Please wait a minute...
Frontiers of Agriculture in China

ISSN 1673-7334

ISSN 1673-744X(Online)

CN 11-5729/S

Front Agric Chin    2009, Vol. 3 Issue (2) : 171-177     DOI: 10.1007/s11703-009-0043-9
Mechanism of herbicidal action of the component I from Pythium aphanidermatum
Jiao XU1, Wenchao XU1, Lihui ZHANG1, <NativeName DisplayOrder="Western" Language="chs"><GivenName>Chuan</GivenName><FamilyName>LI</FamilyName></NativeName>1()
1. College of Plant Protection, Agricultural University of Hebei, Baoding 071001, China; 2. Journal Editorial Department of Agricultural University of Hebei, Baoding 071001, China
Download: PDF(111 KB)   HTML
Export: BibTeX | EndNote | Reference Manager | ProCite | RefWorks

The herbicidal mechanism of the components extracted from Pythium aphanidermatum was examined in this study. Component I was isolated using the HPD500 macroporous adsorption resin and HPLC. Its impact on seed germination and plant growth of weeds was determined and the contents of MDA, superoxide anion radical, and the activities of hills and roots were examined. The root length of weed plants was inhibited under illumination while the stem height was inhibited evidently under darkness. The relative electric conductivity of Digitaria sanguinalis and Amaranthus retroflexus under illumination was 94.55 μS·cm-1 and 58.75 μS?cm-1, respectively, whereas that under darkness was 85.25 μS?cm-1 and 36.25 μS?cm-1, respectively. The MDA contents of Digitaria sanguinalis and Chlorella pyrenoidosa were 0.08385 μmol·L-1 and 0.1742 μmol?L-1 under illumination, respectively, while those were 0.0129 μmol?L-1 and 0.01935 μmol?L-1 under darkness, respectively. Simultaneously, superoxide anion radical content was higher under illumination than under darkness. These results showed the photosynthesis was affected by component I extracted from Pythium aphanidermatum.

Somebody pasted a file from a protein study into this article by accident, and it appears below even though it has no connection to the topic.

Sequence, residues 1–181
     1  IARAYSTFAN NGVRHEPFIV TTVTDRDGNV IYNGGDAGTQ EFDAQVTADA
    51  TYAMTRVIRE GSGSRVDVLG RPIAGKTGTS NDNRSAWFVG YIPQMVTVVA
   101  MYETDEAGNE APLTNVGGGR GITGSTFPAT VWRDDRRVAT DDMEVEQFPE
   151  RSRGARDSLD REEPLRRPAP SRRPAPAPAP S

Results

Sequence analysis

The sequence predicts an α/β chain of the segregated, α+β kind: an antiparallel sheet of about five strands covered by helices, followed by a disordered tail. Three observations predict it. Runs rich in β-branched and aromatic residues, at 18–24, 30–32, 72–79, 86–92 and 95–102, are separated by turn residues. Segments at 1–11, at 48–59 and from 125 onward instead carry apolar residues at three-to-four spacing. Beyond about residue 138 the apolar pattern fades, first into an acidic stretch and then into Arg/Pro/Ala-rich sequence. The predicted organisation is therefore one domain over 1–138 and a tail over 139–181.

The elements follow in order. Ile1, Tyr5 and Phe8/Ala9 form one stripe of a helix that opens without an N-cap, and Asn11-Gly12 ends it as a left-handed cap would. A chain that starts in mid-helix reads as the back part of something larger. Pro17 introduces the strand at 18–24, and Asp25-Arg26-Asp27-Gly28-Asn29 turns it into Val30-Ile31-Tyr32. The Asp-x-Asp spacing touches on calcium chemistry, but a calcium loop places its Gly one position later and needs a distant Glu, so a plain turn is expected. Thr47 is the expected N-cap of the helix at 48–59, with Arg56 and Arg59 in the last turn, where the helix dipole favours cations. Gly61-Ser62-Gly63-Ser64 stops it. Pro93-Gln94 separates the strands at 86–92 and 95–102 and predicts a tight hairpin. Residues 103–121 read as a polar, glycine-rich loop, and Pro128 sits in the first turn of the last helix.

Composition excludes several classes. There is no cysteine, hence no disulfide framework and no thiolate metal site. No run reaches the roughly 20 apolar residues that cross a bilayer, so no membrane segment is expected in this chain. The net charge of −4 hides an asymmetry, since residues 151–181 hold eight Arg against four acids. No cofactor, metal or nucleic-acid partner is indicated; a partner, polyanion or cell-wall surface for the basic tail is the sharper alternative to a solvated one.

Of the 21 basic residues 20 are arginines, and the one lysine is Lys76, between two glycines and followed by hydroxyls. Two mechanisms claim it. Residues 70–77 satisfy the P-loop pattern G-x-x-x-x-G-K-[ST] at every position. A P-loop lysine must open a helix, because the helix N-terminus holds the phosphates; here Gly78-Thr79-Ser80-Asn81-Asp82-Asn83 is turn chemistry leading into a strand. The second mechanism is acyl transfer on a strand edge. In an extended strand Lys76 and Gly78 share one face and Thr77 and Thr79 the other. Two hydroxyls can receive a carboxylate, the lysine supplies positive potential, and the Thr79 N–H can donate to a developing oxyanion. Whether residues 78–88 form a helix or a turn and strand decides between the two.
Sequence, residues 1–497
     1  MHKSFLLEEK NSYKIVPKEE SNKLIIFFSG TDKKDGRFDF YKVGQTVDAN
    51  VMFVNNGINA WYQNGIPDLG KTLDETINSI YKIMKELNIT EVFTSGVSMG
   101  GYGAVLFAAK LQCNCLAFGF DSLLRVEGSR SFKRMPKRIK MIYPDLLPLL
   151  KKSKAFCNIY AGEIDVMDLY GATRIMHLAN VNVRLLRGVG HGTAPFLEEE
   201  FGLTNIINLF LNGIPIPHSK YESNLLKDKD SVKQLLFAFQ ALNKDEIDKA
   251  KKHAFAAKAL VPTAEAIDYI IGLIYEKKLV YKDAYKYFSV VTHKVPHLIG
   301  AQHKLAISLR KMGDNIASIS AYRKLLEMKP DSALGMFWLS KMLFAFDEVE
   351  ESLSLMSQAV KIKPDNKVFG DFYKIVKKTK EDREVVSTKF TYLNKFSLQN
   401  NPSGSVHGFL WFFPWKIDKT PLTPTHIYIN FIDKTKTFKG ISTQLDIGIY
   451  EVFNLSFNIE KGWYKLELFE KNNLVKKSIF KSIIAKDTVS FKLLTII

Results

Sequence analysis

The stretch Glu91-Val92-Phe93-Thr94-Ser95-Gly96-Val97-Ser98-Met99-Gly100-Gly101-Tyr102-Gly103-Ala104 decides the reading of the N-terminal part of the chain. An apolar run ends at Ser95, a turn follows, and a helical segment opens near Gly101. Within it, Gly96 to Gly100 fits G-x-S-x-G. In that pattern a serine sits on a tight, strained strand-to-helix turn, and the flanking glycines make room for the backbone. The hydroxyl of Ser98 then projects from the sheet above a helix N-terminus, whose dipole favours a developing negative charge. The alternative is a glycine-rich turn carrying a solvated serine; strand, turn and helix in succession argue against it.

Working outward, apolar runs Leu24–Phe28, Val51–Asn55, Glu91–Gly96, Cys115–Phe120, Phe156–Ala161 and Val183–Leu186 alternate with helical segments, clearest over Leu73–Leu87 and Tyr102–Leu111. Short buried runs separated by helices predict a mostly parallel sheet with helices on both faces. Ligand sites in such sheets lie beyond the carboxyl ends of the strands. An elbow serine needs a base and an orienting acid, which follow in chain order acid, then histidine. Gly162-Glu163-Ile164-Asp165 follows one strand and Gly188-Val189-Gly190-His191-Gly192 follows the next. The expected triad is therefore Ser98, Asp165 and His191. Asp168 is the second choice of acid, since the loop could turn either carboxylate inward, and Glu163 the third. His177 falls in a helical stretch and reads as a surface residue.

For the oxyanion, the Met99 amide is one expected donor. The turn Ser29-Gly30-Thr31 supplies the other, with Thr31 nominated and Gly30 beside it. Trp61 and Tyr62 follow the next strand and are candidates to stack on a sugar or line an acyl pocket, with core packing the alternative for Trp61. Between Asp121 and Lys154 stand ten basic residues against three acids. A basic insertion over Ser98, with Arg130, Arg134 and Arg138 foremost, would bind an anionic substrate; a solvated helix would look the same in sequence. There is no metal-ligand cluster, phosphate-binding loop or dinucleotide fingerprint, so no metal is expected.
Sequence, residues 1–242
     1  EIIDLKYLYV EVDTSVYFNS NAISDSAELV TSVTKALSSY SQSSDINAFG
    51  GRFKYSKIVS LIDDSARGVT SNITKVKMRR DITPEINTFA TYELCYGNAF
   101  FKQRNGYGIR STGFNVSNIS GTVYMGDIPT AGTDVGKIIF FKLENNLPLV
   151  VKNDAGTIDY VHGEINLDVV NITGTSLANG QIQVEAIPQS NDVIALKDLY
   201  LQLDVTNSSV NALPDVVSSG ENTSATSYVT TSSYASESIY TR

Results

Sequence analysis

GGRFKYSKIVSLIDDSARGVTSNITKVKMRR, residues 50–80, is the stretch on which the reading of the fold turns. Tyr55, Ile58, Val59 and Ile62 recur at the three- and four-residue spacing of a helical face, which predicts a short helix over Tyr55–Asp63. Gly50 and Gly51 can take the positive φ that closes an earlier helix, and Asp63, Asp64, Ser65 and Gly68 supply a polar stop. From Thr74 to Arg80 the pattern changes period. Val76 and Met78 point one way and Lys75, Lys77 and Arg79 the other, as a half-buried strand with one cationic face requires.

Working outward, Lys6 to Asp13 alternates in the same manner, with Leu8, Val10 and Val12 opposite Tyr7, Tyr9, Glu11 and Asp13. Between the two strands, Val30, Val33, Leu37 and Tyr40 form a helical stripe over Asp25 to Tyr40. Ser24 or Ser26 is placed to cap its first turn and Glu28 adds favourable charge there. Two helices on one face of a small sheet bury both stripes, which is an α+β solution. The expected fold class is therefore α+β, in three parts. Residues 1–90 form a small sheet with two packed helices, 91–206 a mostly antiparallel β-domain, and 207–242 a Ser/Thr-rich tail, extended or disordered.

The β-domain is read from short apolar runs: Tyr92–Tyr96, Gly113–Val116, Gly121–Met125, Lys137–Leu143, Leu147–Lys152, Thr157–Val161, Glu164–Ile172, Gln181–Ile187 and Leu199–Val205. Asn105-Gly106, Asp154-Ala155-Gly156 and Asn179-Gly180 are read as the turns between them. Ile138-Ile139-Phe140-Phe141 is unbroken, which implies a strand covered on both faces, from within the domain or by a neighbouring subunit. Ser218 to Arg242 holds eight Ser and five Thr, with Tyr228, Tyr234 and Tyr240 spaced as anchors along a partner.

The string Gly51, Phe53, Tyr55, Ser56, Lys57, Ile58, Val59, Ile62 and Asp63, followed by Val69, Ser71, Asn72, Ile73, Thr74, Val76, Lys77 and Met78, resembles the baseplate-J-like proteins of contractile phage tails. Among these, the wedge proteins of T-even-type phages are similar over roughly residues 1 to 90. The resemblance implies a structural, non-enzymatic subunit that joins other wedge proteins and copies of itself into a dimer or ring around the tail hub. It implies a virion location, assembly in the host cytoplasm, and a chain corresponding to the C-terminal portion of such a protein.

Keywords Pythium aphanidermatum      herbicidal component      herbicidal mechanism     
Corresponding Authors: null,   
Issue Date: 05 June 2009
URL:     OR
Fig.1  The HPLC chart of 10% ethanol elution HPD500
item3700 lxdarkness
component Itreatmentwatertreatmentinhibition rate/%component Itreatmentwater treatmentinhibition rate/%
D. sanguinalisroot length/mm44.2649.079.8035.1535.030
stem length/mm13.5214.506.7830.5042.7028.57
A. retroflexusroot length/mm2.5014.8883.222.519.6373.86
stem length/mm8.648.64010.7918.3741.27
Tab.1  Effect of component I on the inhibition of seed germination and plant growth
itemcomponent I treatmentwater treatmentcomponent I contrastwatercontrastrelative electric conductivity
the electric conductivity of D. sanguinalis/(μS?cm-1)natural light (50300-103500 lx)248.0051.20112.009.7594.55
the electric conductivity of A. retroflexus /(μS?cm-1)natural light (50300-103500 lx)189.0028.00112.009.7558.75
Tab.2  The effect of component I on the electric conductivity of and under different light intensities
itemcomponent I treatmentwater treatmentrelative loss/%
the chlorophyll content of C. pyrenoidosa/(μg?mL-1)natural light (59000-89500 lx)0.636.6790.59
Tab.3  Effects of component I on the chlorophyll content of under different light intensities
itemcomponent I treatment/(μmolO2?mg-1chl?h-1)water treatment/(μmolO2?mg-1chl?h-1)relative loss/%
Hill activity ofC. pyrenoidosanatural light(59000-89500 lx)7.5459.8388.19
Hill activity ofD. sanguinalisnatural light(50300-103500 lx)262.03614.1857.33
Tab.4  Effects of component I on Hill activity under different light intensities
itemcomponent I treatmentcontrast
the MDA content ofC. pyrenoidosa/(μmol?L-1)natural light(59000-89500 lx)0.08380.0451
the MDA content ofD. sanguinalis/(μmol?L-1)natural light(50300-103500 lx)0.17420
Tab.5  Effects of component I on the lipid peroxidation under different light intensities
itemcomponent I treatmentcontrast